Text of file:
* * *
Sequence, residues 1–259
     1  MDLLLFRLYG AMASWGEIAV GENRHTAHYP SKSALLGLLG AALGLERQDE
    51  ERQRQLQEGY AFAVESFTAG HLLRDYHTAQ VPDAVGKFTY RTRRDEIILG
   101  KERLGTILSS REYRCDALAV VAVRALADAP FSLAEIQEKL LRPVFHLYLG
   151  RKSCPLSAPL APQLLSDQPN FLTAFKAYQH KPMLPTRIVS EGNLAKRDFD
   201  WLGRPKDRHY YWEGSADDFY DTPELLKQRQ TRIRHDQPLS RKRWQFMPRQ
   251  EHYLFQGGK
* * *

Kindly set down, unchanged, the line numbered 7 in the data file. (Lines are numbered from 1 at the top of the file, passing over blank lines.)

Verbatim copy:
   251  EHYLFQGGK